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I am learning on how create libraries using Visual Studio 2010. So to test the multiple symbols, I just wrote -

add.cpp

template <typename T>
T fooBar(T a1, T a2)
{
  return (a1+a2);
}

subtract.cpp

template <typename T>
T fooBar(T a1, T a2)
{
  return (a1-a2);
}

As far as I understand, templates is a compile time concept. Just to test how the tool behave between functions / function templates, I wrote the above. It successfully created .lib with out any warnings even at the highest level set for function templates. How ever, in case of normal functions it issued warnings.

add.obj : warning LNK4006: "int __cdecl fooBar(int,int)" (?fooBar@@YAHHH@Z) already defined in subtract.obj; second definition ignored

add.obj : warning LNK4221: no public symbols found; archive member will be inaccessible

Why is the tool behaving differently for functions vs function templates ?

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Have you tried inspecting the .lib you get out? –  Björn Pollex Apr 24 '12 at 20:42
    
From where are you referencing these functions? It's worrisome to me that you have these defined in .cpp files and not in .h or .hxx files. Probably created the .lib without any warnings/errors because you weren't actually compiling them at all. –  Chris A. Apr 24 '12 at 20:43
    
Did you try to instantiate the template function, say, by writing something like: int a; int b; int c = fooBar(a,b); ? Otherwise the compiler will never instantiate the template and never have to pick between the two. –  ds1848 Apr 24 '12 at 20:46
    
@BjörnPollex Yes. There are two lines specific to each source file with name mangling done. I amn't sure how far to check to be more specific. –  Mahesh Apr 24 '12 at 20:47
1  
@Mahesh, I'll post an answer below based on what I'm talking about. –  Chris A. Apr 24 '12 at 21:13

1 Answer 1

up vote 2 down vote accepted

Since they are templated functions, the functions themselves won't get compiled until you actually instantiate the template function.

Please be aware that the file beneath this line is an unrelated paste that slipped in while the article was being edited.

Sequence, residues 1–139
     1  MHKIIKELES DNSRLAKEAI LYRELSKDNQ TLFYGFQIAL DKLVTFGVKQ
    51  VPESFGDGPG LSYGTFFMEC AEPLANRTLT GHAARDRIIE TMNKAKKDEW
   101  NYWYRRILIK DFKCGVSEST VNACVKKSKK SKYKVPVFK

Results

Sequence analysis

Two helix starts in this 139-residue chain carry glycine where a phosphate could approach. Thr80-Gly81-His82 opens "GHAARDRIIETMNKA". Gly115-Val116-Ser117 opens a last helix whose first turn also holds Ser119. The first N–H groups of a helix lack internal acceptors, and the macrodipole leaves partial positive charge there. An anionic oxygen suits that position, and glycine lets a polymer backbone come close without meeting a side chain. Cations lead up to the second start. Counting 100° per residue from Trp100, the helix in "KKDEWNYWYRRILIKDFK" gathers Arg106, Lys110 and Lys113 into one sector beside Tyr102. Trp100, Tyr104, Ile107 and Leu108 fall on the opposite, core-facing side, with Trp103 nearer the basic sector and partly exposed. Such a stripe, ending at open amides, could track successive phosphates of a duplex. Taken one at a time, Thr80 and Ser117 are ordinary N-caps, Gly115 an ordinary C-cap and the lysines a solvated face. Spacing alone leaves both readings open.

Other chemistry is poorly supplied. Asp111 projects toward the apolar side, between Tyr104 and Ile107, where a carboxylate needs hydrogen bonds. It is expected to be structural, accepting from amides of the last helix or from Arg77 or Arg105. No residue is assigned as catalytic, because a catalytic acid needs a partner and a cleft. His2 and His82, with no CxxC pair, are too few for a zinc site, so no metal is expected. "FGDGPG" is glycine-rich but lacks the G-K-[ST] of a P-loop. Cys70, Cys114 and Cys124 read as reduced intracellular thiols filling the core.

For instance, I just put the following code in one of my .cpp files without using it and the compilation of the .cpp file went through fine (despite the glaring syntax error):

template <typename J>
int foobar(J junk)
{
#pragma message("Compiling foobar")
     ppp = 35;

     return 0;
}

It's not until I try to compile it (that is create a compiler instance of it) with:

int main(void)
{
     double x;
     int y = foobar(x);
     return 0;
}

do I get a compilation error.

: error C2065: 'ppp' : undeclared identifier  

Try this on your own and it might help you explain what you're seeing (at least the lack of error in the first case you mentioned.)

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Can I take the point that there would be no warnings at all for a template if there is no template instantiation for it? –  Mahesh Apr 24 '12 at 21:26
    
@Mahesh Yes.... –  Ricibob Apr 24 '12 at 21:29
    
It's not compiled at all so there's no duplicate symbol etc. You'll get no warnings or errors or anything. If you put a #pragma message("Compiling foobar") inside the foobar function you'll see precisely when it's compiled. –  Chris A. Apr 24 '12 at 21:30
    
@ChrisA. Thanks. –  Mahesh Apr 24 '12 at 21:31
    
I would like to add that function templates are allowed to have definitions in multiple translation units. However if the definitions are not identical then it's undefined behavior, which is the case here. –  Timo Apr 24 '12 at 21:45

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